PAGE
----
Roland Barthes’s theorization of French cultural specificity, in a well-known but not particularly well-studied essay, “The Grain of the Voice,” offers a suggestive parallel to the performance of Spanish exceptionalism in Lorca’s “Juego y teoría del duende.” Barthes, too, develops an idiosyncratically “nationalist” poetics through the vehicle of a theory of the vocal performance of lyric poetry. His concept of the “grain,” like Lorca’s duende, is at once highly personal and seductively universalizable. Read together, these two essays suggest the possibility of a sophisticated theorization of poetic performance. The issues raised in Lorca’s duende lecture and in Barthes’s essay still remain outside of the institutional and disciplinary boundaries of theory, as delimited by the standard textbooks like The Johns Hopkins Guide to Literary Theory or Critical Theory Since 1965. Performance studies, needless to say, is a developing discipline in its own right, with its own set of concerns, but it has not tended to give much attention to the specificity of lyric poetry, or to the role of performance within the cluster of theoretical problems defined by the word poetics. By the same token, very few texts in the canon of literary theory address issues related to the vocal performance of lyric poetry: to find treatments of these issues, one must consult more specialized works, such as the articles collected in Charles Bernstein’s Close Listening: Poetry and the Performed Word. Jill Kuhnheim’s forthcoming study of cultural practices of poetry recitation in Latin America provides another fruitful avenue of approach, but performance, by and large, remains marginal within the academic study of poetry.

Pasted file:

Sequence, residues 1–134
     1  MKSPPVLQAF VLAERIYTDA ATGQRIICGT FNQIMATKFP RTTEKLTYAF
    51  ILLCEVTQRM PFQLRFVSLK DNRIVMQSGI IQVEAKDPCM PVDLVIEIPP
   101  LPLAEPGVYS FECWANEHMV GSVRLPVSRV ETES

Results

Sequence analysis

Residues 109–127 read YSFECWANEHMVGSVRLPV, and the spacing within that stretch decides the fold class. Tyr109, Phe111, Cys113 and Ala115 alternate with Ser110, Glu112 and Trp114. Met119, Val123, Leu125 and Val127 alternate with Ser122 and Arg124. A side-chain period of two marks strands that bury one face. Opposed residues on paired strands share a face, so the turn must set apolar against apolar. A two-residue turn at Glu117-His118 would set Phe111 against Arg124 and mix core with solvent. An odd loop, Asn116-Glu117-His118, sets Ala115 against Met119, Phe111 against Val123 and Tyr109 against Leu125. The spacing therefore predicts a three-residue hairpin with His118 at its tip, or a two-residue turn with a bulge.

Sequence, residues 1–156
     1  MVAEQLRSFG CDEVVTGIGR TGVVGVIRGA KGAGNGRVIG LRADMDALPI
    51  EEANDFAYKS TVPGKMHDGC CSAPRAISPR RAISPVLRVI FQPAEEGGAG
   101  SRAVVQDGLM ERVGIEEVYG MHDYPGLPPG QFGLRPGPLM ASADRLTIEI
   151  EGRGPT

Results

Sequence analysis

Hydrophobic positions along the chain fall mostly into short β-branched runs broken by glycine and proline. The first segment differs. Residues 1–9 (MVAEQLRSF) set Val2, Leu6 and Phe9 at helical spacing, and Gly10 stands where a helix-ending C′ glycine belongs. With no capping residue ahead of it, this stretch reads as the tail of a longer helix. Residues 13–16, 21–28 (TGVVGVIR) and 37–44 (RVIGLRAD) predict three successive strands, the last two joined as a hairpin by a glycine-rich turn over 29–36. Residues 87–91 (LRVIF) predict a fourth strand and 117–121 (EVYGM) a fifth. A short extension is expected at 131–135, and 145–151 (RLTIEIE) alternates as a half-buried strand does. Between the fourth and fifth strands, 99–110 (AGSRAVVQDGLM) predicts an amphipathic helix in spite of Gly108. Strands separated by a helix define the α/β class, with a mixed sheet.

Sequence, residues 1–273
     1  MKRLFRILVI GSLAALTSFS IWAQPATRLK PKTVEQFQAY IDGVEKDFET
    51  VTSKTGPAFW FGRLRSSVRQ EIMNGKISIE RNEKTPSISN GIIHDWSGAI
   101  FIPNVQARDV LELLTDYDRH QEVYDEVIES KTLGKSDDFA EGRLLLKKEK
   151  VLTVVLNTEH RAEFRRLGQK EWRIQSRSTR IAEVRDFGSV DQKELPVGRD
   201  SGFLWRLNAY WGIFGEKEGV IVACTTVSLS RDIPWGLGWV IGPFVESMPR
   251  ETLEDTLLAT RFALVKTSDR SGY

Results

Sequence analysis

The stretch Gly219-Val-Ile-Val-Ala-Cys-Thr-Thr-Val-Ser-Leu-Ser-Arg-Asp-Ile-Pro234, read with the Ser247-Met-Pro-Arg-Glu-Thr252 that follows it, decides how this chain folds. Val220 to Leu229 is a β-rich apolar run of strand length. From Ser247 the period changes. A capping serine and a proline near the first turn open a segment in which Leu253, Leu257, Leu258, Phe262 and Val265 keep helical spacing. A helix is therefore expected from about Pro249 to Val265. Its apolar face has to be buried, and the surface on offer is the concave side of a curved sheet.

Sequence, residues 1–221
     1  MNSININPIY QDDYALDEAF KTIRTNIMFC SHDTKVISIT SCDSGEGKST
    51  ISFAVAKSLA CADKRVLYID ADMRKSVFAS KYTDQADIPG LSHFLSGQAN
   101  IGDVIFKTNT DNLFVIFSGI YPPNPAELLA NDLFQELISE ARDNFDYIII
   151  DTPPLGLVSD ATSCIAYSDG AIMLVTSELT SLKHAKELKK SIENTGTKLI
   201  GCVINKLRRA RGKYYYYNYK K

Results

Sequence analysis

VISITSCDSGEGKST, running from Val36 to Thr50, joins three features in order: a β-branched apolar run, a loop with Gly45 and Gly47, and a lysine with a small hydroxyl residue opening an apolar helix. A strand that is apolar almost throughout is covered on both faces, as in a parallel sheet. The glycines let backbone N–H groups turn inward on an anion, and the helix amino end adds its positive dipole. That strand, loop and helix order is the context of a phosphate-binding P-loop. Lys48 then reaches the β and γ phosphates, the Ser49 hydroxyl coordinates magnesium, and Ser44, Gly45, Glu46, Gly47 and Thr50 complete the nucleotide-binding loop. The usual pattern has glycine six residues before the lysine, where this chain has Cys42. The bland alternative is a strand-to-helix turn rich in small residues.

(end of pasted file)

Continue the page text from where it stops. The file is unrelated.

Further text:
In Mythologies, Barthes devotes an article to denouncing a certain excess in performance, a kind of semiotic overdetermination. “Bourgeois Vocal Art” is singing in which a particular emphasis on certain phonemes strongarms the listener into a predictable response. In “The Grain of the Voice,” written in a different phase of his career, Barthes takes a somewhat different approach, one that is perhaps less resistant to the pleasures of semiotic excess. The French writer begins the essay by complaining about the tyranny of the adjective in music criticism: the dominance of this part of speech seems reductive to him, and he proposes the concept of the “grain” in order to enact a “displacement” of a certain standard rhetoric that attaches labels, formulaic predicate adjectives to music. From Julia Kristeva, he borrows a binary opposition—the geno-text vs. pheno-text—in order to contrast two two distinct approaches to the performance of vocal music. The pheno-song is identified with everything conventional:
The pheno-song [...] covers all the phenomena, all the features which belong to the language being sung, the rules of the genre, the coded form of the melisma, the composer's idiolect, the style of the interpretation: in short, everything in the performance that is in the service of communication, representation, expression, everything that is customary to talk about, which forms the tissue of cultural values.
The “geno-song,” in contrast, consists of
the volume of the singing and speaking voice, the space where significations germinate “from within language and its very materiality”; it forms a signifying play having nothing to do with communication, representation, (of feelings) expression.Barthes identifies the “geno-song,” more particularly, with the encounter between musical expression and phonology: “It is, in a very simple word that must be taken seriously, the diction of the language” (183; original emphasis).